Tuesday, July 16, 2013

NY Times Weighs in on City’s Willets Point Bait and Switch

Charles Bagli over at the NY Times takes a sharp look at the city’s reconfigured Willets Point plan and notices some real big missing pieces:
Last year, the city suddenly revised the four-year-old plan for Willets Point. It selected a joint venture of the Related Companies and the owners of the Mets — Fred Wilpon and Saul B. Katz — to clean toxic substances from a portion of the land and to build a hotel and some shops on 126th Street and a giant retail and entertainment mall on the other side of the stadium.
Some community and church groups that once supported the project now feel betrayed by Mayor Michael R. Bloomberg, contending that the project is designed to benefit the Mets’ owners and Related more than the surrounding immigrant communities.”
Gee, we wonder why? Could it be that all of the promises used to entice council members have been discarded? The community sure notices bad faith when it sees it:
Msgr. Thomas Healy, pastor of Our Lady of Sorrows, a thriving church near the stadium, complained that the 1,900 units of affordable housing that were once the centerpiece of the proposed redevelopment are now an afterthought. Many of his Mexican, Ecuadorean and Dominican parishioners are living, he said, in overcrowded and substandard apartments. 
“Bloomberg promised that the big thing in the project would be housing,” Monsignor Healy said. “Now it’s a grandiose mall, and in 20 years, maybe, we’ll get some housing. He doesn’t care about the poor.”
And then there is the gigantic mall on the CitiField parking lot-a piece of land zoned as parkland. Parks advocates-already upset by the city’s neglect of parks in the outer boroughs-has threatened to take the administration to court over the taking of parkland without going through alienation-a failure that allows the city to not be forced to find any replacement land for the property taken:
Despite the criticisms, the local community narrowly approved the revisions to the project plan, and the Bloomberg administration hopes to get formal approval from the City Council by the end of the year. Opponents, including NYC Park Advocates, plan to file a lawsuit challenging the city’s decision to give the developers 30 acres of parkland to build the mall.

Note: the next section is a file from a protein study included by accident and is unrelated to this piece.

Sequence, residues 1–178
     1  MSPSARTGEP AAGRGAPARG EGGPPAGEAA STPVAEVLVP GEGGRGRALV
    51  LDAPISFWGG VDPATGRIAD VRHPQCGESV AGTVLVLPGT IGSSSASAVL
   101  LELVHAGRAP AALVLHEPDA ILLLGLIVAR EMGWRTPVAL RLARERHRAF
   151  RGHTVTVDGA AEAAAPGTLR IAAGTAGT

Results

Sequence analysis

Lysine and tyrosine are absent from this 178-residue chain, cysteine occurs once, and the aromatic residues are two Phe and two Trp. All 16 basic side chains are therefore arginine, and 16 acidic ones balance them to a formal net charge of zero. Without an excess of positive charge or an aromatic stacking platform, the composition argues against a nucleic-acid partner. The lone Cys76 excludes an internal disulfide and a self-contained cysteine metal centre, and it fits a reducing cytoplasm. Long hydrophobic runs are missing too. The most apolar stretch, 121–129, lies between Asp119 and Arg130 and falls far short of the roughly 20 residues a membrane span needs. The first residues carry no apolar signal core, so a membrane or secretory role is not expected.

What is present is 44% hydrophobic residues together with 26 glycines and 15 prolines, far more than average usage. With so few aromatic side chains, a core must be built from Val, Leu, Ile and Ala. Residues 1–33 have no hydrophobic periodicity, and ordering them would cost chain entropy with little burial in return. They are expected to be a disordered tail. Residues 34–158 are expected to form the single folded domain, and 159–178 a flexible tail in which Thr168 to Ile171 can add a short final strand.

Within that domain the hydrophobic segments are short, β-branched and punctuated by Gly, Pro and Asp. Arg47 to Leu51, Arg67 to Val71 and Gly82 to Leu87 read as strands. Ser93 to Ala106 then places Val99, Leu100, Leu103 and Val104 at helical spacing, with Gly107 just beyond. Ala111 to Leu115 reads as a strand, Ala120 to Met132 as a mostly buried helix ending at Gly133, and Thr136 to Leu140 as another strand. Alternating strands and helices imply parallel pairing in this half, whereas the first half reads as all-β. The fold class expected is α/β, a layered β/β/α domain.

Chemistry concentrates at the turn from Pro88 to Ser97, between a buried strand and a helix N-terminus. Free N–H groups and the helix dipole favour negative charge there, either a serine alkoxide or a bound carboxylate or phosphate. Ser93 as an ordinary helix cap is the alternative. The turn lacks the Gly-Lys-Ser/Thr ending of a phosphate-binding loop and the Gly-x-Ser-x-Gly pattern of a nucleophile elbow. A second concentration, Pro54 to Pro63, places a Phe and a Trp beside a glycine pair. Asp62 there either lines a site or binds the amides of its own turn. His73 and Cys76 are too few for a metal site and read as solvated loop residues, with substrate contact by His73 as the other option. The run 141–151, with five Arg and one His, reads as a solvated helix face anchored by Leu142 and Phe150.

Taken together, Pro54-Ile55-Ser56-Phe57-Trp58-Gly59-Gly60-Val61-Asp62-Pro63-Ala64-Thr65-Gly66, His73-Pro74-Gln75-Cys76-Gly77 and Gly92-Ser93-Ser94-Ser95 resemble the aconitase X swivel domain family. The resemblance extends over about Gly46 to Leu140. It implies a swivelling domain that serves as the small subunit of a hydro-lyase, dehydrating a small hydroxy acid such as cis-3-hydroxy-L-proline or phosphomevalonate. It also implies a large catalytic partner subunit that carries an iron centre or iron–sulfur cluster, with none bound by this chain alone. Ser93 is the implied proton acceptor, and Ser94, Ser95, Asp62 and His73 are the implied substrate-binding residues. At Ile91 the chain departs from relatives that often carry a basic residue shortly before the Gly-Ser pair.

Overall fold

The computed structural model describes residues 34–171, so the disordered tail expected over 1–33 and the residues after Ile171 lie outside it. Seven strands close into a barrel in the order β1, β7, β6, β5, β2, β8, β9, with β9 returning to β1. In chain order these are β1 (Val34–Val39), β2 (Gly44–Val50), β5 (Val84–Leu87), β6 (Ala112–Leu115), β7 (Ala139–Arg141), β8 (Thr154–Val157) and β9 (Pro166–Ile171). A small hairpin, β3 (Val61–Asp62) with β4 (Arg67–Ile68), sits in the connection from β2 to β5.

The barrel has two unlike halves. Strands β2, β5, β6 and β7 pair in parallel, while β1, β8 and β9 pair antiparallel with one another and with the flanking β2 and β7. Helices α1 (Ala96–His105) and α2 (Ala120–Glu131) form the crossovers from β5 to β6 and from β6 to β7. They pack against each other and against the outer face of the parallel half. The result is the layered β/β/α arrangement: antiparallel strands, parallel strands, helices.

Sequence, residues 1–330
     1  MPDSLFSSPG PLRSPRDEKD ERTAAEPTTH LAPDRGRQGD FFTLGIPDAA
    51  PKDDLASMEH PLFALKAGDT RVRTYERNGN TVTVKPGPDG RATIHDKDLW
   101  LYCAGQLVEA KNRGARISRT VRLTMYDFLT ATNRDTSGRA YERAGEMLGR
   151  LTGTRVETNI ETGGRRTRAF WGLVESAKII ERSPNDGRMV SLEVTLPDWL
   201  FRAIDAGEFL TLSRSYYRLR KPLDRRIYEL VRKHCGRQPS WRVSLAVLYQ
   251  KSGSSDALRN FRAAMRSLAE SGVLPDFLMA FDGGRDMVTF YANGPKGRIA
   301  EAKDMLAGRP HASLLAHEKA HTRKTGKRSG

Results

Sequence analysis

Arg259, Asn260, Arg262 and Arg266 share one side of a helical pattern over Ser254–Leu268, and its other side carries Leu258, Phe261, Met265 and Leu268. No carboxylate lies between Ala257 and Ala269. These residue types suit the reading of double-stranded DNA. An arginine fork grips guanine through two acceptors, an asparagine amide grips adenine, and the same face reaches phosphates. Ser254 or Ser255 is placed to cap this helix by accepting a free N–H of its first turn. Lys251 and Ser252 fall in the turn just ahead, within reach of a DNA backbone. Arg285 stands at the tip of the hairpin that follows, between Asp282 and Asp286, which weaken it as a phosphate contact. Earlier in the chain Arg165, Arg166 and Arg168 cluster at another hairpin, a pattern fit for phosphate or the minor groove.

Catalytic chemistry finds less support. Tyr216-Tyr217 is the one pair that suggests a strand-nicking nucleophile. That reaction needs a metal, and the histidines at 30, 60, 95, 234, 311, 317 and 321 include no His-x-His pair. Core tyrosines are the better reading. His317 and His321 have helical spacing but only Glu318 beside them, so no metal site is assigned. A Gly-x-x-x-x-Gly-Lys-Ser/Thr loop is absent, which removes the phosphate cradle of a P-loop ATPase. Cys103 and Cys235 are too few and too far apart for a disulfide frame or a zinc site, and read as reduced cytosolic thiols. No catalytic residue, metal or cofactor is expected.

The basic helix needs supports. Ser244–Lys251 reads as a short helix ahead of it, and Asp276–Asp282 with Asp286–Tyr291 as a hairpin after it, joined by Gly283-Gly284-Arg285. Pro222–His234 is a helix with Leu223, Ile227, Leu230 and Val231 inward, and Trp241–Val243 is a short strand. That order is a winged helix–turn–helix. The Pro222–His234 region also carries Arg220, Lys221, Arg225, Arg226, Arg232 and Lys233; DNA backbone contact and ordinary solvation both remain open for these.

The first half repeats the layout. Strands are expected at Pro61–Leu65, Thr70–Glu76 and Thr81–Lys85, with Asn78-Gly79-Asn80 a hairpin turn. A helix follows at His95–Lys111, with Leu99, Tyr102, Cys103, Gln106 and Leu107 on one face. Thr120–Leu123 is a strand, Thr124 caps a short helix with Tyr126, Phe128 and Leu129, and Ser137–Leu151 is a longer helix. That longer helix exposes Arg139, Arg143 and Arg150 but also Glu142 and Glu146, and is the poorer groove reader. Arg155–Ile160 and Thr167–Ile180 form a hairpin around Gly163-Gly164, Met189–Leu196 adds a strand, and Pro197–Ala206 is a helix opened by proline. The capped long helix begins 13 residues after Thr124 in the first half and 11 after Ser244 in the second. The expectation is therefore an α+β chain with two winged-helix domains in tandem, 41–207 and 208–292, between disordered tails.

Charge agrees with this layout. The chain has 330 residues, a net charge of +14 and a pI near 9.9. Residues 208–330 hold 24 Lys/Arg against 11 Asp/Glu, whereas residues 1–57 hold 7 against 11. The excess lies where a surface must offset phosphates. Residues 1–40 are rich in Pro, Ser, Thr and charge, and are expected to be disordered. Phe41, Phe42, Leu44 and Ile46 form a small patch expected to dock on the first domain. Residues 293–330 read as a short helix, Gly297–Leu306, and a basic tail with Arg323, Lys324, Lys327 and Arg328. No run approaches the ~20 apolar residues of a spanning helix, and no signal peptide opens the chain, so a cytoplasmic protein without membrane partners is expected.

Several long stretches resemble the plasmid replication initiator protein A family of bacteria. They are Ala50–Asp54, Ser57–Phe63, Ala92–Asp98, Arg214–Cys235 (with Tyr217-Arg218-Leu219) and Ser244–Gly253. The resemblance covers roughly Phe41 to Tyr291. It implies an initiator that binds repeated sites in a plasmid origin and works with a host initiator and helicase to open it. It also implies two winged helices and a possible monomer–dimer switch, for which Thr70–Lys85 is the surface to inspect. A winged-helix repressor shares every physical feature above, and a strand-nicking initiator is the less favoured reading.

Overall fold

The city, however, never runs out of its plentiful supply of bad faith. Asked to explain its bait and switch, it does what it does best-lies through its teeth: “The Bloomberg administration said the plans needed to be adjusted to meet market demand, with a spokesman calling the most recent incarnation “the only way forward.”

Let’s get this straight. This plan was originally approved in the teeth of the worst economic downturn since the great Depression. If the city could promise 5500 units of housing and all of the other ancillary benefits then, it can’t now say, “never mind,” when the economy is showing some signs of life. This kind of duplicity should be slapped down by a shamed fool me once city council.

The Times lays out the terms of the original deal-and demonstrates why the current incarnation doesn’t resemble the original proposal. In doing so, however, the paper points out that, “…over time it became clear, city officials and real estate executives said, that not one developer could or would meet the city’s original requirements.”

If that’s true, and we have our doubts, it means that the original plan was too ambitious and should have been shelved. To replace it with a mall and a parking lot when, “In 2007, Mr. Bloomberg announced plans for New York’s “next great neighborhood,” a $3 billion development at Willets Point, with 5,500 apartments, a convention center and office space,” is bad faith squared.

To do it by gifting the property to two rich developers who have no obligation to ever build a single unit of affordable housing is shameful-if the administration were actually capable of that human emotion.

The Times goes on to capture why we call this a “Wimpy” deal-after the Popeye character who used to say, “I’d gladly pay you Tuesday for a hamburger today.” The tax payers pay through the nose up front-to the tune of over $400 million-and the public benefits are pushed way back until we believe, The Twelfth of Never:

First, however, the developer would be required to remediate a 23-acre portion of Willets Point. The plans for affordable housing — now 2,500 units, 875 affordable — have been pushed back until after 2025. But housing advocates fear it may never get built.”
The fear is not groundless given the fact that the city has already reneged on its commitment and has also treated the existing property owners and tenant businesses like skels. The Times tells us that the Bloomberg administration sees Willets Point as one of its major legacy projects. And we couldn’t agree more.

Nothing symbolizes the mayor’s bad faith and hypocrisy, his corporate welfare, his lack of concern for the poor, and his disdain for the property rights of his lessers, than this bait and switch development. It is a monument to arrogance and corporate greed and the mall should be named after the mayor so that if and when it is built and the area around the stadium is gridlocked for hours, the people will know who to credit.